The first step in finding scholarly/peer reviewed articles for research is to use a database to find citations of articles that are on your topic. Online databases are listings of articles published in a particular set of journals.
Keep in mind that for academic research you want to stick with scholarly articles published in journals like Advances in Nursing Science as opposed to news type articles in magazines like Newsweek. Some databases will even allow you to limit your search to scholarly articles, also called peer-reviewed, juried, or refereed articles, by checking a box.
Once you have selected a database, use keywords to find articles on your topic. Think of as many words as you can that might appear in articles on your topic. Try different combinations of these words to see how your list of results changes until you find articles on the results page that look interesting to you.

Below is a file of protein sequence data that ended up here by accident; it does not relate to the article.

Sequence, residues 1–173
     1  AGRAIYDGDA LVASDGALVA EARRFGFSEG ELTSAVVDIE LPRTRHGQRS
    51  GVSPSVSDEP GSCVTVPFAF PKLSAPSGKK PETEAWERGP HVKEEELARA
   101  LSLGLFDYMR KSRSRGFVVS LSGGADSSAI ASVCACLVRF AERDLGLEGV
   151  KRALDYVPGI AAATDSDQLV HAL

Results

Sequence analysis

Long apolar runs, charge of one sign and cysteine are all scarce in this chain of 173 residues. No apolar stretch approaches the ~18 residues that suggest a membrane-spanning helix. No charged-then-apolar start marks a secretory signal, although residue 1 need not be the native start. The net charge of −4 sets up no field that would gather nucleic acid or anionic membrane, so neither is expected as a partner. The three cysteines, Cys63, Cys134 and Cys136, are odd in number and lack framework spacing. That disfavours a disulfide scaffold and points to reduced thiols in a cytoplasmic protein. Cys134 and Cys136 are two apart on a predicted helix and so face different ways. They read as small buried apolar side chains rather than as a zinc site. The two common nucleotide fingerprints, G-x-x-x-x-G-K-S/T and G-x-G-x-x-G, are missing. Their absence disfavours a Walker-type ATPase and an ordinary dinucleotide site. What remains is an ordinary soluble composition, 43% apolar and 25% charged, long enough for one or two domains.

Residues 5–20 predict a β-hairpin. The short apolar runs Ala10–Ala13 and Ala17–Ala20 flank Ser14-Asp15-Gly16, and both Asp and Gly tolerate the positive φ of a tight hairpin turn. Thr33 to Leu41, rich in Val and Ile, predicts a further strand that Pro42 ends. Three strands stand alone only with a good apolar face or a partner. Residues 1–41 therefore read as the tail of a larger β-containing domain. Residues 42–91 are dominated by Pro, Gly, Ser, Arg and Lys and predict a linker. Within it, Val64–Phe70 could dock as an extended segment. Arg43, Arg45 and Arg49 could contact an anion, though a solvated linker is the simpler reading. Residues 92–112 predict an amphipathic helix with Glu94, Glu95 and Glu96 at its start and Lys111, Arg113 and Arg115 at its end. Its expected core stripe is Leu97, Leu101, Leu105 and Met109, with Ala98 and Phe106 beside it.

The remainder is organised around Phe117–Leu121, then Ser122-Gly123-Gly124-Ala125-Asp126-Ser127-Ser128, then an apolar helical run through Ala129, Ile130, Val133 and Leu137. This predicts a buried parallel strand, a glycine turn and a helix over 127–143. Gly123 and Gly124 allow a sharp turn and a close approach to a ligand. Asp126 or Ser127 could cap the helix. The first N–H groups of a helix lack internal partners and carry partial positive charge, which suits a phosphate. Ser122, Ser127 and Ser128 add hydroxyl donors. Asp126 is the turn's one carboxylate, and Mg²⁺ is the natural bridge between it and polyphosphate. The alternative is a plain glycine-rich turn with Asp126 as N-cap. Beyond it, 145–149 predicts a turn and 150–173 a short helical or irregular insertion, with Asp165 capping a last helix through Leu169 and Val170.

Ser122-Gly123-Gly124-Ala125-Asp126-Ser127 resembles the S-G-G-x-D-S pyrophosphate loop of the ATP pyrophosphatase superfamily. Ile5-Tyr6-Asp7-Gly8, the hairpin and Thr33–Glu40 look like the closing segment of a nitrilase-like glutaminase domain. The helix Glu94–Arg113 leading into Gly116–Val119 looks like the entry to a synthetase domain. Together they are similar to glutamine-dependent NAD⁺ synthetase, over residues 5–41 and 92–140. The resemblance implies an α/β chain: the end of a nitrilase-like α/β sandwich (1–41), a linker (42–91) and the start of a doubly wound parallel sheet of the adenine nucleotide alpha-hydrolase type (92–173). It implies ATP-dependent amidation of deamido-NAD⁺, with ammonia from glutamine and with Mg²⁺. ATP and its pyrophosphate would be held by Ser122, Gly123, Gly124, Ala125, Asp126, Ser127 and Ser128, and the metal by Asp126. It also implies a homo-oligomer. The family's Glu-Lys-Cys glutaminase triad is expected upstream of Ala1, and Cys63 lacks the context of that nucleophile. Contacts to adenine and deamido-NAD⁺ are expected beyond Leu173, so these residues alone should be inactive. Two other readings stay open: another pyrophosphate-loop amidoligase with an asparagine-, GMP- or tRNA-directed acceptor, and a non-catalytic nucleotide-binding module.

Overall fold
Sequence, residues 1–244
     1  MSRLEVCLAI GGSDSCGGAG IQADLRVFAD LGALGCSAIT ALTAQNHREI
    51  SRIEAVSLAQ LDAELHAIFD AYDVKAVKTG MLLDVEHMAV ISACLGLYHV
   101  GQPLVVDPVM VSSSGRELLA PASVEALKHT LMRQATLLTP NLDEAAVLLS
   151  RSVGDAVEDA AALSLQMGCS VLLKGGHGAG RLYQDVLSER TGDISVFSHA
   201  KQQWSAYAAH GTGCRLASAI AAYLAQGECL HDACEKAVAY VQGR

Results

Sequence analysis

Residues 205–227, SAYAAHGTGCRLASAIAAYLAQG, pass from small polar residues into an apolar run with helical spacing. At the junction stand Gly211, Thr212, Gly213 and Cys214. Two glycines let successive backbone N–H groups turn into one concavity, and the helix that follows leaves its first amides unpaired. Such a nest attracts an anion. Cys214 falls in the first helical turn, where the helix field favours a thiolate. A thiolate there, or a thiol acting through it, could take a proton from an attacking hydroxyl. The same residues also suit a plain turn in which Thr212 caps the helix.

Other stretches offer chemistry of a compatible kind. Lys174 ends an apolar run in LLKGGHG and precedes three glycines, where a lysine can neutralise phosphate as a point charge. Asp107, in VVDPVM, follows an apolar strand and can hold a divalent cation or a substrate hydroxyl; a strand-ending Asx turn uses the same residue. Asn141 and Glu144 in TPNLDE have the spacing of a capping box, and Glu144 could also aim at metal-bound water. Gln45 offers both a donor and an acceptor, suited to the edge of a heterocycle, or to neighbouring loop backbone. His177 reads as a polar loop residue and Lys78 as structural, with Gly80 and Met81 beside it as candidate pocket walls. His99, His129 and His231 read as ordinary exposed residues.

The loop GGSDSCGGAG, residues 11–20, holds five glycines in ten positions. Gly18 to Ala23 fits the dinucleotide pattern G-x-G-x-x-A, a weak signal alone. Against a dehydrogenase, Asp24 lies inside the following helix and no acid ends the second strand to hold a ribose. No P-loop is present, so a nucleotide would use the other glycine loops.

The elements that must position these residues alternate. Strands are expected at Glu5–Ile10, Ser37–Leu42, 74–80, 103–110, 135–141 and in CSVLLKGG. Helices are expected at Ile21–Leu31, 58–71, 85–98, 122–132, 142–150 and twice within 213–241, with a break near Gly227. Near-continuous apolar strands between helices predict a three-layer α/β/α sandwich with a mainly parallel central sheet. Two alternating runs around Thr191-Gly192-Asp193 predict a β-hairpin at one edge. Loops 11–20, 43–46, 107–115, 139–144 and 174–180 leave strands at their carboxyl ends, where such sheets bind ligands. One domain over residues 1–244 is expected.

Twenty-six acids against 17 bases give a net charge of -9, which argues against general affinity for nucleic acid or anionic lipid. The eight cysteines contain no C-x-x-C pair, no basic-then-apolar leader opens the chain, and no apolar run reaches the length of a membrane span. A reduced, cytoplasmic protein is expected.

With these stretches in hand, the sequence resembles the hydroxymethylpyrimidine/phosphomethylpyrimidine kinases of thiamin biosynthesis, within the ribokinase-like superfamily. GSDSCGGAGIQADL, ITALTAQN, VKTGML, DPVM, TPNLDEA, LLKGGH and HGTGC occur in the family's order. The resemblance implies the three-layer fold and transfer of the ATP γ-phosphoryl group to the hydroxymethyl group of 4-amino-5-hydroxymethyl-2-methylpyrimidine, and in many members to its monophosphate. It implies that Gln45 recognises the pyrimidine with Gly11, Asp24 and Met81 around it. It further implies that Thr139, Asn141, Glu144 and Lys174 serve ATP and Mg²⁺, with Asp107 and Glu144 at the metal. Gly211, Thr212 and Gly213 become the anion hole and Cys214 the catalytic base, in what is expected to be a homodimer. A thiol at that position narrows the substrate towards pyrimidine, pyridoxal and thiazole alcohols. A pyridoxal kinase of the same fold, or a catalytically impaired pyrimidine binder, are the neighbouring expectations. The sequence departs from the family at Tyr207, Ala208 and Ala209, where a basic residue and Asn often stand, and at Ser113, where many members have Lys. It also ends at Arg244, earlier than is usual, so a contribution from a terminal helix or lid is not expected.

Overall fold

After you have found citations for articles that seem relevant to your topic you can decide if they are relevant (articles you want) by looking at titles and abstracts (short summaries of the articles) in the database citation.
Finding the oldest article on a topic can be difficult. Keep in mind that the database you use needs to:
If you know a key researcher in your field, you can try an author search.
Once you've found your modern and/or seminal article, look for the oldest cited article in that paper.
When using Google Scholar at home, go to Scholar Preferences, library links, and search for and select CSULB. Now in your search results you will have GetIt@CSULB links to access CSULB subscriptions for full-text articles. See this how-to video for more info.